All right, all right, I’ll cop to it: I didn’t learn how to read until I was eight.
In my defense, I had a good reason—or as good a reason as anyone can have for that kind of stubbornness—and it was that my parents read to me. There were the requisite picture-book years of course, many of which (Zelinsky’s Rumpelstiltskin, Mayer and Craft’s Baba Yaga and Vasilisa the Brave, and the entire works of Kevin Henkes, to name a few) still live on the bookshelves of my parents’ house. When I was older, my dad tackled Tolkien, and my mom handled Lewis, one chapter a night. My biggest fear was that, if I learned how to read for myself, no one would bother to read to me again.
My biggest fear was that, if I learned
how to read for myself, no one
would bother to read to me again.
It has been said that we are human because we tell stories. From morality tales to escapist jaunts to cerebral think-pieces, the stories we tell are the heart of humanity. Telling and listening to stories can even (as Scheherazade would attest) save lives. So it should come as no surprise that in trying to create believable worlds and characters, so many writers have written storytellers, and occasionally themselves, into their narratives. The following list of mostly YA titles comprises multilayered narratives and stories-within-stories, some of them so deeply nested that they are different with every rereading.
Afterworlds, by Scott Westerfeld
Westerfeld’s latest is also his largest, and with good reason; this 600-plus pager tackles not one but two complete narratives. First there’s Darcy, a precocious 18-year-old who has just sold her first novel for a hell of an advance and is forgoing college to move to New York City, where she’ll see if she can make it as a writer. Interspersed with her struggles and triumphs is the story she’s writing: a parallel-worlds, paranormal romance about teenager Lizzie and the enigmatic Yamaraj, a Hindu god of death. Both story lines are rife with romance and coming-of-age moments, and Westerfeld’s addition to the writer-and-character relationship canon was both well handled and well received.
Fangirl, by Rainbow Rowell
This love letter to fandom follows college freshman Cath, who, unlike her twin sister, is reluctant to dive into their first year away from home. Cath prefers instead to navigate the world of Simon Snow, a Harry Potter-esque series with one final upcoming book. Cath is one of the fan base’s most popular fan fiction writers and is rushing to finish her longest, most popular story (“Carry On, Simon”) before the final book comes out and renders everything she’s written Alternate Universe. Along with Cath’s story about loneliness, creativity, possible romance, and new adulthood are various chapters from the Simon Snow canon—mostly from “Carry On,” but also some of Cath’s older stories, as well as her source material—and eventually, a piece of Cath’s original writing. Since the novel’s publication, the world of Simon Snow has apparently taken on a life of its own: Rowell recently announced that her next project will be the full-length Carry On, due in October.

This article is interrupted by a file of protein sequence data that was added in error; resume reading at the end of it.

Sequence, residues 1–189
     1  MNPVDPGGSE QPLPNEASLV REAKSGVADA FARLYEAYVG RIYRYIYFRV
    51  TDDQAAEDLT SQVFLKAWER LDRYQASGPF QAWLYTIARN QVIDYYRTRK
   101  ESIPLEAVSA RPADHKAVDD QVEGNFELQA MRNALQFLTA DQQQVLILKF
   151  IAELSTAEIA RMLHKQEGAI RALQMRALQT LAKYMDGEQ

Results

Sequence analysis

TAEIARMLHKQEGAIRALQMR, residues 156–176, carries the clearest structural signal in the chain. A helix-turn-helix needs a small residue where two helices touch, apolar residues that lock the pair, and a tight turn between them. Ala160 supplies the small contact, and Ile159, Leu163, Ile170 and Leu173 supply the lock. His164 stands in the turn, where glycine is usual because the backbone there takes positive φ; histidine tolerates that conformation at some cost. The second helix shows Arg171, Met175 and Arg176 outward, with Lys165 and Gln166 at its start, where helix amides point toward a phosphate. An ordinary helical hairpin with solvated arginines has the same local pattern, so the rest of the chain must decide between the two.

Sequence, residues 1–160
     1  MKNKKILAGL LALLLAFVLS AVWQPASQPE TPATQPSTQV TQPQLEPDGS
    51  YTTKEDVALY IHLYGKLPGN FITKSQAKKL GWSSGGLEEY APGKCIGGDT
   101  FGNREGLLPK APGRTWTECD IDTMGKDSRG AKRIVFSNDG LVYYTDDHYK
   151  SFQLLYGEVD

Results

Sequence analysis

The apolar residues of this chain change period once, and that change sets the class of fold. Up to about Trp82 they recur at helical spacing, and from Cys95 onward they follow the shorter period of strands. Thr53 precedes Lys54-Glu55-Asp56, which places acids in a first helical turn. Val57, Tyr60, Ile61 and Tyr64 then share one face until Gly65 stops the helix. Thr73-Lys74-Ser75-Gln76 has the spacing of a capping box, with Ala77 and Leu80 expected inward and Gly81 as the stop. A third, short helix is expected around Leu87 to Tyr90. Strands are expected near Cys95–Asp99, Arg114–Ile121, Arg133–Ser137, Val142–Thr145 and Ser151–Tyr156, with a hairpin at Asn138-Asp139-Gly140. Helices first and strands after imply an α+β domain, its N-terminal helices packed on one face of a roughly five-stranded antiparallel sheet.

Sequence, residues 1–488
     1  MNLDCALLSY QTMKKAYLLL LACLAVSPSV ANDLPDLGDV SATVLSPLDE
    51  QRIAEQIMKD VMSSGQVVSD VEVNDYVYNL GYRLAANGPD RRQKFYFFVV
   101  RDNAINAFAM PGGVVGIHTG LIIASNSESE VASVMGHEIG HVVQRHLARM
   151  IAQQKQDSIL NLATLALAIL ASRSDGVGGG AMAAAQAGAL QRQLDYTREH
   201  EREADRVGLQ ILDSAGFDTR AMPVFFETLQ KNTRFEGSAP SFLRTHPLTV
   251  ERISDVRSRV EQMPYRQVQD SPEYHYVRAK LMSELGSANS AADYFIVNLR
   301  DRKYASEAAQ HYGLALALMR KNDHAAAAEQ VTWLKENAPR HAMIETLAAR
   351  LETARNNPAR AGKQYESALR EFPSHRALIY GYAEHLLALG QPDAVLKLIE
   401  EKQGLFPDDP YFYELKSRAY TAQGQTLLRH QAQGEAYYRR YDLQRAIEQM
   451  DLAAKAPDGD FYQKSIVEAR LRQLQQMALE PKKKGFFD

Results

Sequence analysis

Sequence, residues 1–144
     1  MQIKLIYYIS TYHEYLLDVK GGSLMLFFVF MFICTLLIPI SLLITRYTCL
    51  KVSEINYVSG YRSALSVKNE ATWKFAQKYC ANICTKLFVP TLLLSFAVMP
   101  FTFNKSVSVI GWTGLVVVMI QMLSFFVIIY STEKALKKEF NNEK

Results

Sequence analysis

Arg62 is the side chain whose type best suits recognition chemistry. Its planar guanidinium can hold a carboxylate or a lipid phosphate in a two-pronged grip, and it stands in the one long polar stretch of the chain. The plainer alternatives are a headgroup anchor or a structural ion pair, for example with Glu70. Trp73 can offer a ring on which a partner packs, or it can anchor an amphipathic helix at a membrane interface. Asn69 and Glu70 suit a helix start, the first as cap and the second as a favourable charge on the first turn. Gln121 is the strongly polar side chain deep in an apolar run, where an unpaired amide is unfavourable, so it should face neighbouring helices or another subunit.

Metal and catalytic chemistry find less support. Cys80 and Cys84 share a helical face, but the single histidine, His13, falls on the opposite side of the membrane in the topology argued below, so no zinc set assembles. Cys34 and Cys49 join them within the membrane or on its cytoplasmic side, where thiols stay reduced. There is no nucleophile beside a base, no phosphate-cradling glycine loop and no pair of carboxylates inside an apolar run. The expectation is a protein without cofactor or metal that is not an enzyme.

Keturah and Lord Death, by Martine Leavitt
Already a quietly ethereal fable, Leavitt’s National Book Award finalist is made all the more otherworldly by its ghostly framing device. Beautiful Keturah’s wishes are simple: a house of her own, a husband to love, a baby in her arms. Having yet to find that, she is known in her small village as a storyteller, and it’s a skill she puts to use when, after she has been lost in the woods for several days, Death comes for her. Though he insists he makes no exceptions, Keturah, by telling him a story she leaves unfinished, gains more time and strikes a bargain: if she finds her true love in one day, Death will let her go. A prologue and coda set this up as another story Keturah is telling—albeit, she says, “The truest story I have ever told”—and draws a hazy line between the mundane and the supernatural, leaving readers wondering where the truth of the story really lies.
Life of Pi, by Yann Martel